This is a great credit to the management of Harmac Medical (which employs about 300 people in the town) and to all the individuals and agencies who helped make this project possible.
It’s another great addition to the facilities in the fabulous Demesne and, following the recent re-opening of Tully’s Hotel in the town, another welcome development in Castlerea.
It’s happened to us all at some stage…
You go into a bar near closing time, for one or two drinks. There’s hardly another person there, maybe one or two. It’s grand. You expect a quiet half hour.
Then, the door opens and four or five ‘loud ones’ burst in. They’ve been somewhere else. They’re in good spirits. And what’s left of the night isn’t going to be as peaceful or straightforward as you’d assumed (which is not to say it won’t be good craic or enjoyable).
Michael D Higgins might feel a bit like that this week. Although he’s not lacking political acumen, the thought must have crossed his mind at different times over recent months that this Presidential matter could be dealt with quietly and peacefully.
Michael D (who has been an excellent President) calculated that he would announce his intention to run again relatively late in the year. He had kept potential rivals guessing. He had the main parties onside. He might even have a free run.
Then, just as he was beginning to think it just might be a quiet one, the whooping started at the front door.
Now, Michael D realises that it wasn’t quite closing time.
A few ‘loud ones’ have indeed come in. Michael D will still expect to get home early and for common sense to prevail, but sure anything could happen now!
Yes, the Irish do Cemetery Mass well…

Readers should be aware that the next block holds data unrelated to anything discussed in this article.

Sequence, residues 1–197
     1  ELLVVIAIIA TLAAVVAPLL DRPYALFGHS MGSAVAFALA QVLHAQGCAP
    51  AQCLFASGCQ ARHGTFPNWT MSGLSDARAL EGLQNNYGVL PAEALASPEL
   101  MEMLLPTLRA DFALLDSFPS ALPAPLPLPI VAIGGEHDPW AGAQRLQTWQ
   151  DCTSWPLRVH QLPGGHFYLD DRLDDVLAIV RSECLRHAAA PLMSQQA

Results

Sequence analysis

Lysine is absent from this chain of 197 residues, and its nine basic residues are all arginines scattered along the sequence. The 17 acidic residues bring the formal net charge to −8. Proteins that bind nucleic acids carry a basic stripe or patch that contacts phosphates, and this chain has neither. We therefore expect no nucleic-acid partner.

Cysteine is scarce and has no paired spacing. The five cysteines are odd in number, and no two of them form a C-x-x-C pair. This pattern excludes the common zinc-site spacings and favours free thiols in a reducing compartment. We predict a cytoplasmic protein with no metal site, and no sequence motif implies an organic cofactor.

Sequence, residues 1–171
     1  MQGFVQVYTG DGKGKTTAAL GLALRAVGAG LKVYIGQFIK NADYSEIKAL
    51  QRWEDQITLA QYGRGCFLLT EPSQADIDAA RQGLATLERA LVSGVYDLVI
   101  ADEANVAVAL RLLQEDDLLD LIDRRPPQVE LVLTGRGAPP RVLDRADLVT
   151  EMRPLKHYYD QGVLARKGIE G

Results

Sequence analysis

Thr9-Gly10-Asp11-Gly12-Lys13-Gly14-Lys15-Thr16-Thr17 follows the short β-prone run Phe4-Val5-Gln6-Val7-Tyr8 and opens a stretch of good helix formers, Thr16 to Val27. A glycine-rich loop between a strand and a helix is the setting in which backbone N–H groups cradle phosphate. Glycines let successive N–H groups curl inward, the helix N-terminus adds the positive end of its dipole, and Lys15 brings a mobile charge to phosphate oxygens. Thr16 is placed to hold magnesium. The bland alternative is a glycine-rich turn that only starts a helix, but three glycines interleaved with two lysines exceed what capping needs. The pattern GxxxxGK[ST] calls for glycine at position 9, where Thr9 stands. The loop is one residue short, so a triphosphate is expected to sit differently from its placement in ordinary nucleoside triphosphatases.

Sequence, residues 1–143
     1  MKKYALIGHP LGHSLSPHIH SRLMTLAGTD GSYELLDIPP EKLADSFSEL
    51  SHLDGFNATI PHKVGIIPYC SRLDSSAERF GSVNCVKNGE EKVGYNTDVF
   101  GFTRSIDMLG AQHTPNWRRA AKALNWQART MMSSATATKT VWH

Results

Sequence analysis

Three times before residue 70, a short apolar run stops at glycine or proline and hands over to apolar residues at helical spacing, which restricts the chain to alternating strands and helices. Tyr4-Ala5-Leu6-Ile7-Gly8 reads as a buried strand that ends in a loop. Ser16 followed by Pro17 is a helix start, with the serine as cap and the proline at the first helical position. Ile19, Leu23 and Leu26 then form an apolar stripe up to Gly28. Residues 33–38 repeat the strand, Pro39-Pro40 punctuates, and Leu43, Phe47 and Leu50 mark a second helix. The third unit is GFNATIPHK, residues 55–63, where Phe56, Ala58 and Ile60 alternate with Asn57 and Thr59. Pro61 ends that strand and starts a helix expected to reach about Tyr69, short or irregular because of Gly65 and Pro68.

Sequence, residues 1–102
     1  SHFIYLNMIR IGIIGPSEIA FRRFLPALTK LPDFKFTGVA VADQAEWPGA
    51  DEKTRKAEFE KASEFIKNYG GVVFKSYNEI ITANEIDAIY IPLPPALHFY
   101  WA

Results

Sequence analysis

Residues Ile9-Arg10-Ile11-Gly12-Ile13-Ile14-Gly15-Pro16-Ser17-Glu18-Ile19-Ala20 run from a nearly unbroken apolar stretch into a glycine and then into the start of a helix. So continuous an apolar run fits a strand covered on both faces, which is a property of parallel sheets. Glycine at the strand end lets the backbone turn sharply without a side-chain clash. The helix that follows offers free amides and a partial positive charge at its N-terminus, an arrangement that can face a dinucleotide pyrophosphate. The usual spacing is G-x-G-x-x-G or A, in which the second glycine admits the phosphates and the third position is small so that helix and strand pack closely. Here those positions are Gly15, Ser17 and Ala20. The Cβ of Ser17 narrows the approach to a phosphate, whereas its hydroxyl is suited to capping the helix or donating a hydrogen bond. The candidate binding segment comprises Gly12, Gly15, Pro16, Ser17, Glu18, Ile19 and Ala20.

Saturday & Sunday
On Saturday evening in Kilteevan, as the rain dithered about its intent – sharing the spotlight with sunny spells – a large crowd turned up for Cemetery Mass.
Then, on Sunday, driving to Rooskey, I was met with a (brief) traffic jam in Scramogue, as people began to leave on the completion of the Cemetery Mass there.
Similar gatherings and scenes are common all over the country at this time of year.
It is, by definition, a sombre and sad occasion, the Cemetery Mass, and yet it is also a special and dignified ceremony and gathering.
We are commemorating those loved ones who have passed on, keeping their memory close, celebrating their lives and everything they meant and mean to us.
It strikes me too that this annual ceremony, all over the country, impressively showcases the life that goes on…and the vitality that remains in rural Ireland.
Just seeing how many people attend Cemetery Mass, with all generations present, and with such dignity evident, is heartwarming, and a sign too that there is great life, energy and community spirit in rural Ireland.
At every such gathering, we see the love and care of families as they assemble for the blessing of the graves. It’s a great example of community togetherness. The volunteers who maintain the cemeteries so well are to be commended; of course they are just doing what good community activists do in rural Ireland; they are putting the shoulder to the wheel without a second thought, generosity of spirit a given.
I think the Irish do the Cemetery Mass particularly well.
How we do it, the importance we attach to it, reveals much that is positive about our people, our communities. The Cemetery Mass is our families and our communities – past, present and future – supporting, bonding…being.